It's surprising how allergies continue to be so controversial. It must be very frustrating for you.

  • At 8:20 PM, Blogger wachibre said…

    I think it is too bad there has been some neg press but I'm focusing on the fact that in my life more and more people know about food allergies and are supportive.

    I think the most important thing that is missed in the debate that not *that* many people have FAs and very few actually have fatal reactions is that we have no way to know how severe a reaction will become once it starts and any systemic reaction may become fatal. So, we must treat people who have systemic IgE reactions to foods as having potentially fatal reactions and act accordingly. If there were some test that wold tell me *for sure* my son won't have a potentially life-threatening reaction in the future to his allergens my life would be different in many ways. But there is no such test. My son has had serious anaphylaxis reactions so we take precautions. I focus on my son and ignore people who don't "get it". They are not my concern. My son is.

    Good luck with your book, Cybele.

    -99.9% vegan

  • At 1:15 PM, Anonymous Leslea from said…

    Thanks, Cybele! You sent a copy of your cookbook a few months back, which I reviewed on my Allergy News show, too. Nice work! I'm glad you appreciated my response. I got a lot of comments from non-allergy parents on that one. They really appreciated it. I think it helped build a bridge, because it shot for common ground, using the sitch as a learning opp for me, as a parent, on how to deal w/ a child's adversity.

    Have a great day!

    PS I think I already have a link to your book on my site--want to trade links?


  • At 2:04 PM, Blogger Cybele Pascal said…

    Dear 99.9% vegan:

    I completely agree with you. People seem to completely overlook the unknowns that we live with. For example, my walnut allergy has gotten progressively worse over the years, going from a couple of minor hives to total body hives, eyes swelled shut, mouth/tongue swollen,with the hives lasting for a total week before I had to take steroids! My allergist is quite fearful that it will become complete anaphylaxis. My son Lennon also has a walnut allergy, and I live in fear that his allergy will also progress along these same lines. What's to say it won't? So, though technically, he just has run of the mill "food allergies" without being anaphylactic, I have no assurance that this will not explode into something worse at any given moment. Particularly given the long list of things he has been allergic to over the course of his short life.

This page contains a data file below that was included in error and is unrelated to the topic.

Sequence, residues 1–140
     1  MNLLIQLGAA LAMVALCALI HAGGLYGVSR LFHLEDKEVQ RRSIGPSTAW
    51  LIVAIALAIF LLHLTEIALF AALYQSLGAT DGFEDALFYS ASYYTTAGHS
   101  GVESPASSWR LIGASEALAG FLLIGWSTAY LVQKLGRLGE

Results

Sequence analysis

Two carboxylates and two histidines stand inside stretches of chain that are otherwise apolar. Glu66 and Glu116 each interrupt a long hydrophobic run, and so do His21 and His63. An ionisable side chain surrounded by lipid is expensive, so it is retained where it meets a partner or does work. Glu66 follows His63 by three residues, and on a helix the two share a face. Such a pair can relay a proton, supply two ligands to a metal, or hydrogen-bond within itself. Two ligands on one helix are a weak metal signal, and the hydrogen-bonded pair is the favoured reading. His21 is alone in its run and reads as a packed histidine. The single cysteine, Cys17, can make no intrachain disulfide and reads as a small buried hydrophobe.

Dear Leslie:

    I loved your column. Now, when did I send you my book? I don't think I sent it, perhaps it was my publisher. Do you have a link to the review?

    I'd be happy to trade links with you! Consider it done.

    Keep up the great work. Your writing is a joy to read.



  • At 7:38 AM, Anonymous kat said…

    There is still a long way to go in educating people about food allergies. Like you 99.9% Vegan, my focus is on keeping my son safe and educating family members and caregivers on the severity of food allergies. There are still some who are more concerned about his pigeon toes rather than his severe allergy to milk (one of his mulitle food allergies), but I believe that slow and steady wins the race. Patients and persistance are needed to get through to those individuals who don't "get it".


    On a much lighter note...has anyone tried using avacado as a substitute for butter?:0)

  • At 10:48 AM, Blogger tpkyteroo said…

    Kyt here -
    I seriously believe that some people will only "get it" when 25% of the people with food allergies all of a sudden die within a very short period of time of each other from a food allergy. My own father has told me that he thinks my food sensitivies is all in my head. I've promised myself that the next time I accidentally eat an allergen, I'm going to send him the results in a shoe box coffin with a rose on top. Unfortunately, its hard to wrap up a fake appendix attack. LOL

    Avocado on toast works, but I don't know about cooking with it. I'm allergic to it too. LOL